- The Washington Times - Tuesday, September 27, 2011

A local political activist who is the subject of an inspector general’s investigation centered on improper expenditures was elected head of the District’s Ward 5 Democrats Monday night.

Robert Vinson Brannum, accused of using a debit card to spend funds as head of the Fifth District Citizens’ Advisory Council and obstructing efforts to determine how the funds were spent, won handily over the incumbent chairman.

The results make Mr. Brannum the top party official in a ward represented on the D.C. Council by Harry J. Thomas Jr., who agreed to repay $300,000 in funds intended for District children and is the subject of his own investigation. Of 148 voters who turned out in the 75,000-resident ward, most appeared to have a close connection to the Thomas family, which arrived together to cast votes. Harry J. Thomas Sr. previously occupied the council seat held by his son.

The polling location was moved with little notice, confusing less-connected would-be voters.

As the city’s demographics and power structure have shifted dramatically in recent years, perhaps nowhere has power remained concentrated in a small band of the old guard as Ward 5.

Innovations have come in the form of electronic mailing lists that have expanded the community of engaged citizens beyond the core professional activists. Yet those, too, are not free of controls. Mr. Brannum also defeated a write-in candidate, William Boston, who said his prospects were hurt after Mr. Brannum banned him from a neighborhood email list where candidates made pitches, and of which he is moderator.

Most names on the ballot represented the shuffling of elected officers across a network of little-scrutinized boards and advisory commissions, often overseen by close associates.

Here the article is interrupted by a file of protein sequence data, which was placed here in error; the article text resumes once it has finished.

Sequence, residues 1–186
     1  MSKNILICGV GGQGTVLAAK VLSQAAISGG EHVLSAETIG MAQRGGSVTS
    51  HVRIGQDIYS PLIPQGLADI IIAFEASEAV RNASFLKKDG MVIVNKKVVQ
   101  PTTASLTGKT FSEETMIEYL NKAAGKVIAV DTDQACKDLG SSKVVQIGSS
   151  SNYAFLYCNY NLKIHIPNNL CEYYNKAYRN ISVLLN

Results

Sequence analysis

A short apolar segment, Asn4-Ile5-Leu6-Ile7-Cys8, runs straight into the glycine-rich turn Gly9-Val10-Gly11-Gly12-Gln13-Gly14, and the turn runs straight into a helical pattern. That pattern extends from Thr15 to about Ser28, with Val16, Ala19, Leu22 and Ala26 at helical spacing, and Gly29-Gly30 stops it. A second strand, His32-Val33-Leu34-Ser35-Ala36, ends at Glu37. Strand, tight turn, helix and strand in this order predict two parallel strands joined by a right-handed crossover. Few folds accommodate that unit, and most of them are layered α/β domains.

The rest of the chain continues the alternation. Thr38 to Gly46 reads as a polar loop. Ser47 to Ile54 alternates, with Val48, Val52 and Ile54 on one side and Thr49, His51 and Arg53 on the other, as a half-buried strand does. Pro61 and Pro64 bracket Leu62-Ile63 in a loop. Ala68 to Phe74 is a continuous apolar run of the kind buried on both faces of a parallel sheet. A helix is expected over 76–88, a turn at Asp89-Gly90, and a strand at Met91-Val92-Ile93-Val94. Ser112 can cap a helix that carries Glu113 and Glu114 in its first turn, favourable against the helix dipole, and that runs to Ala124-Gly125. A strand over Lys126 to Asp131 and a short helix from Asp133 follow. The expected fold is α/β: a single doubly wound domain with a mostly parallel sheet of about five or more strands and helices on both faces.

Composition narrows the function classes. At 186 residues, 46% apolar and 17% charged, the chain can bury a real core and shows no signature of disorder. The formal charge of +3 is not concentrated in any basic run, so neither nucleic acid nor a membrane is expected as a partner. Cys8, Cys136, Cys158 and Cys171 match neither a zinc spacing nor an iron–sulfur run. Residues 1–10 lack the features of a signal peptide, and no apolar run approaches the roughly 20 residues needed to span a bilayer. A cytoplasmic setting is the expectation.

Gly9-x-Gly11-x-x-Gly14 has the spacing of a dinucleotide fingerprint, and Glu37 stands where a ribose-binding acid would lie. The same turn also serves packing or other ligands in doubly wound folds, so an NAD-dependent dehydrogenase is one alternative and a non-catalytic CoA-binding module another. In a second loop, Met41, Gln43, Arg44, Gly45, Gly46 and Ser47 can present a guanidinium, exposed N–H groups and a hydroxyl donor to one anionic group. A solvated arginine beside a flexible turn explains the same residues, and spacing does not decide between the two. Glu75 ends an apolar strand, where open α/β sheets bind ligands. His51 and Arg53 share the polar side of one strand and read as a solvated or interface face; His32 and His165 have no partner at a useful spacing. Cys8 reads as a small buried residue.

Mr. Brannum, who said his fellow advisory council members agreed he had done nothing wrong, said the familiar faces were those most concerned about the fate of the community. “People who are active in their communities are active in multiple organizations,” he said.

Angel Alston, outgoing chairman who was on the ballot for re-election, at times entered the polling place, past the point where candidates may campaign.

“When is she wearing her candidate hat, and when is she working?” asked Mr. Boston.

Jacqueline Manning, an advisory neighborhood commission official, was elected vice chairman. She also serves on a panel from which $30,000 was withdrawn and used on Lexus payments after a debit card was obtained in violation of regulations by its chairman, William Shelton — who received a friendly reception at the polling place Monday.

Ms. Manning vociferously resisted taking action against Mr. Shelton, who resigned this past summer, or its treasurer, who said she hadn’t reviewed a financial statement in years but continues to get the support of the commission.

Hours before the election, Mr. Shelton’s replacement, Regina James, who also serves as treasurer of the Citizens’ Advisory Council that Mr. Brannum chairs and who huddled with Mr. Brannum after the election, received an eviction notice from the facility where the local commission has an office.

The notice came after she refused access to financial records to fellow elected officials, in the process invoking the name of Mr. Thomas.

Ms. Manning also fought to ensure that the public discourse in this troubled ward remained only between insiders.

“You CANNOT request this from any commissioner!!!! You need to stay in your lane,” wrote Jacqueline Manning after another commissioner publicly emailed that the theft should disqualify Mr. Shelton from public service, emails obtained by The Washington Times show. “Please stop putting our commissioner business on the listserv as well!”

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